How do they pay for it? The federal government reimburses the county $2.51 for lunch if a child is eligible for free meals, $2.11 for reduced-price meals, and 28 cents for the other lunches served. The more money that comes in from the federal government, the less the county has to pay.In the first four months, Mingo County brought in $186,000 extra federal dollars. "That balances the loss of paying children and the extra cost of the food," Maynard said.
"Most West Virginia counties can make universal breakfast break even," said Rick Goff, director of the state Office of Child Nutrition.'We were all on board'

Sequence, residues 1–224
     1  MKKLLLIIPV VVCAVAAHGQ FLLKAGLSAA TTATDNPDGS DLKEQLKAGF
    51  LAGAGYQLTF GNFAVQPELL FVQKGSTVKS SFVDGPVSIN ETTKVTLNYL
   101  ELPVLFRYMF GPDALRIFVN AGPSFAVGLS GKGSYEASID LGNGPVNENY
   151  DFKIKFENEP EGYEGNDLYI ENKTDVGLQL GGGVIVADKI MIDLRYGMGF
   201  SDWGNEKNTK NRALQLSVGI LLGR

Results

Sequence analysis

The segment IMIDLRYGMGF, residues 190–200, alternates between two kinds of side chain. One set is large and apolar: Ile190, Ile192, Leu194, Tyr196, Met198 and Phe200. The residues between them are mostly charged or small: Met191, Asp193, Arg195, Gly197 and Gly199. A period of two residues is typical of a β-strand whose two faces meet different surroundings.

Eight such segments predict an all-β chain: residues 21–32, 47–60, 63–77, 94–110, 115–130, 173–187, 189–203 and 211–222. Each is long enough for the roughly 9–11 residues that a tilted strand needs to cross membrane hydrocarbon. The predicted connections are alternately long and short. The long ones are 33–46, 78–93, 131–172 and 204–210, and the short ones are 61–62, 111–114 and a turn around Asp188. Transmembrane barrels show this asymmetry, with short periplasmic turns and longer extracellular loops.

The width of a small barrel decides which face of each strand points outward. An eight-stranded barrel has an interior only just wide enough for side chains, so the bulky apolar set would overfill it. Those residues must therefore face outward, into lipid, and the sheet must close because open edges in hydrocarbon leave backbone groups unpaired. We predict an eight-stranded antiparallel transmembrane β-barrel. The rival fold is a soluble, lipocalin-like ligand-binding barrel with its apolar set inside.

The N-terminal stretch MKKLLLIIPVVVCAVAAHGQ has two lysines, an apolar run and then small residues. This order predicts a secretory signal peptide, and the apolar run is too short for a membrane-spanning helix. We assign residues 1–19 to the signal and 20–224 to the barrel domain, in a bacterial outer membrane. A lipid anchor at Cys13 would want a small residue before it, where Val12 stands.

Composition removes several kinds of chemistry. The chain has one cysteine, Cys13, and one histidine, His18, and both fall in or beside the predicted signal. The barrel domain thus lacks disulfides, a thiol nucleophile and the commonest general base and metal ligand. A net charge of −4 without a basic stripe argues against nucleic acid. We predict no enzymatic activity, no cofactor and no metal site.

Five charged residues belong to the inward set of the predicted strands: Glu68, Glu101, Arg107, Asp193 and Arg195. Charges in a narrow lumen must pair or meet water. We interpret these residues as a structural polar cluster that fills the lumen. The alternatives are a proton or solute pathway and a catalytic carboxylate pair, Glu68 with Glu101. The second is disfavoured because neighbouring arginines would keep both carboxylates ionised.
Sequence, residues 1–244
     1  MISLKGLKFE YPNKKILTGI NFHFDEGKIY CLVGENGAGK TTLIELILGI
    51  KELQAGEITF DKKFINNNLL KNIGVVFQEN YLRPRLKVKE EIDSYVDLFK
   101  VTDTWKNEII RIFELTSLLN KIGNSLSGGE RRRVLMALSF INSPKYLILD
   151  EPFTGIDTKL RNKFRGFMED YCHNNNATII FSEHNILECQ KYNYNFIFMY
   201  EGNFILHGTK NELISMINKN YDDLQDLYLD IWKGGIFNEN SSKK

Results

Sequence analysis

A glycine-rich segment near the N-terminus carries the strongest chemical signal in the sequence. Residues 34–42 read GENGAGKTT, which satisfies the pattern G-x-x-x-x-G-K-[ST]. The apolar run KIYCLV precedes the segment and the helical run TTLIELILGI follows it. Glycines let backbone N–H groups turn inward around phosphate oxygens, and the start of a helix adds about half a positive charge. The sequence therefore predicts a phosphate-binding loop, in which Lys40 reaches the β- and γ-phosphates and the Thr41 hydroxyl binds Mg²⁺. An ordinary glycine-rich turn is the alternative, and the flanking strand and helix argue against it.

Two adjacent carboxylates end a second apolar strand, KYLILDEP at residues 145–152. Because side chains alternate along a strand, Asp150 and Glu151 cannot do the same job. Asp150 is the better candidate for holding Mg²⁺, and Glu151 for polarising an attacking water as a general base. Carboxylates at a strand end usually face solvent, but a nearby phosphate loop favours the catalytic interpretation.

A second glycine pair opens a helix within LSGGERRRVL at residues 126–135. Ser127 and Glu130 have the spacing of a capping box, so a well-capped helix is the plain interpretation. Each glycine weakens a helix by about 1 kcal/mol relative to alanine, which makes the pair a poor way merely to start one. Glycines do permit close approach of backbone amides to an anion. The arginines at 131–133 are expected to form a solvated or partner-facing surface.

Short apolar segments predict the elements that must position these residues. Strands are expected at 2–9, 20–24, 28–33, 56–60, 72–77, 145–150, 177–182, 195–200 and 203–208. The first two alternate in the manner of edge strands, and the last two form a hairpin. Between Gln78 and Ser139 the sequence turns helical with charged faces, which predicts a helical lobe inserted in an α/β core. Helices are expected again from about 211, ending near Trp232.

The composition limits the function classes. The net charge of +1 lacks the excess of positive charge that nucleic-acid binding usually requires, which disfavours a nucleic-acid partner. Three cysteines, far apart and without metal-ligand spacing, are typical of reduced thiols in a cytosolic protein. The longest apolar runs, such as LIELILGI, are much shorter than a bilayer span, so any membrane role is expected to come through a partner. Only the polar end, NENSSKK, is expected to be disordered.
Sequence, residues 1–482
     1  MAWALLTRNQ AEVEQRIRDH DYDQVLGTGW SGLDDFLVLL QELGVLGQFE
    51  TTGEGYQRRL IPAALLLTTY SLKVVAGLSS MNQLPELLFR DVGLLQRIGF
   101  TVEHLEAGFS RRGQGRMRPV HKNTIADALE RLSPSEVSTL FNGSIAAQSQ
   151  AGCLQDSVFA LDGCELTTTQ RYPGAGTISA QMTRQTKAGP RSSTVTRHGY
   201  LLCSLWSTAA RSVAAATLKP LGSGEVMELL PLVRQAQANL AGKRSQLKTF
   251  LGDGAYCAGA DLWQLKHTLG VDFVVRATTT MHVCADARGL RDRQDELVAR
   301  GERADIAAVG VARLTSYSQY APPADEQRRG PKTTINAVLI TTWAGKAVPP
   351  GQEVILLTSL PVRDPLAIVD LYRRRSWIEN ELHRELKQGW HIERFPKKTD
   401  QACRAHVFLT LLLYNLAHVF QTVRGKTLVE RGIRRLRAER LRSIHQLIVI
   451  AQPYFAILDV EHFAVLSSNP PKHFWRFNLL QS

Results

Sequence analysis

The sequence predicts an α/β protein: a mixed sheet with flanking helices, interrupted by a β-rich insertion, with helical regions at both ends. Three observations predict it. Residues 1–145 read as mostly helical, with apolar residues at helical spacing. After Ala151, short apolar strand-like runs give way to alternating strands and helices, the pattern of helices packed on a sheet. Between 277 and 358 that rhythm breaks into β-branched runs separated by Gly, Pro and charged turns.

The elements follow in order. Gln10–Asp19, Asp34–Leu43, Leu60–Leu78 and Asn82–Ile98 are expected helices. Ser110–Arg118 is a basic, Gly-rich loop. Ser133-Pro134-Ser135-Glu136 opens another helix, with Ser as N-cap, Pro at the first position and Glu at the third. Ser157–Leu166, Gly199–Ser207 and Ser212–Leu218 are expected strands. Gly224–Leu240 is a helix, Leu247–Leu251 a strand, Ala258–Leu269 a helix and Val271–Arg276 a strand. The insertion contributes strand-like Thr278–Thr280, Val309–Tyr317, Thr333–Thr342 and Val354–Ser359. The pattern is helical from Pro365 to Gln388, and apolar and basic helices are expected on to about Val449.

Before making the meal changes, Mingo Superintendent Randy Keathley, a Williamson native, proposed them to principals and teachers. He asked them "to reflect on the fact that, if you have hungry children in the classroom starting the day, you're more apt to have kids who are disengaged, sleepy, hungry, irritable and so forth."I wanted to talk it over with them first. If they were not receptive, I would not have wanted to try to force it on them. They had to support the benefit to the children, for this to work. "We discussed all the possible complications. And when we finished, 100 percent of the participants had bought in."They wanted the afternoon snack program, too, he said. Every afternoon, all Mingo elementary and middle-grade children get a snack through the federally-funded Fresh Fruit and Vegetable program."The kids love it," Maynard said. "Sometimes they are things they've never seen, like star fruit and red bananas. The USDA sends information, so each day is a little nutrition lesson, too."I can definitely tell you that the snack makes them much more willing to try fruits and vegetables at lunch and breakfast," she said.Subhed: Learning to like brown breadIn October, Kermit kindergartners filed through the breakfast line, picking up items. A teacher stood at the end of the line, encouraging them to try new things, offering fruit, apples and oranges.At the tables, most ate the fruit. Many did not eat the "brown bread," whole wheat bread. They ate the cheese off the cheese toast. "We've got white bread at home," one child said disdainfully.The child sitting next to her said, "I think brown bread is good."The first child looked at the brown bread, picked it up and took a bite.Five months later, "a lot of them eat the wheat bread," Chaffin said. "Over time, they got used to it. The fourth grade did a survey, and the kids said the food tastes better."We used to have a parade of parents coming in at lunch bringing the kids sandwiches from Pizza Hut and Dairy Queen," she said. "They don't come anymore."We want to educate these children to live a healthy lifestyle, not just teach them math and reading. I think we're making a little progress."Reach Kate Long at firstname.lastname@example.org or 304-348-1798."The Shape We're In" was written with the help of the Dennis A. Hunt Fund for Health Journalism, administered by the California Endowment Health Journalism Fellowships at the University of Southern California's Annenberg School for Communication and Journalism.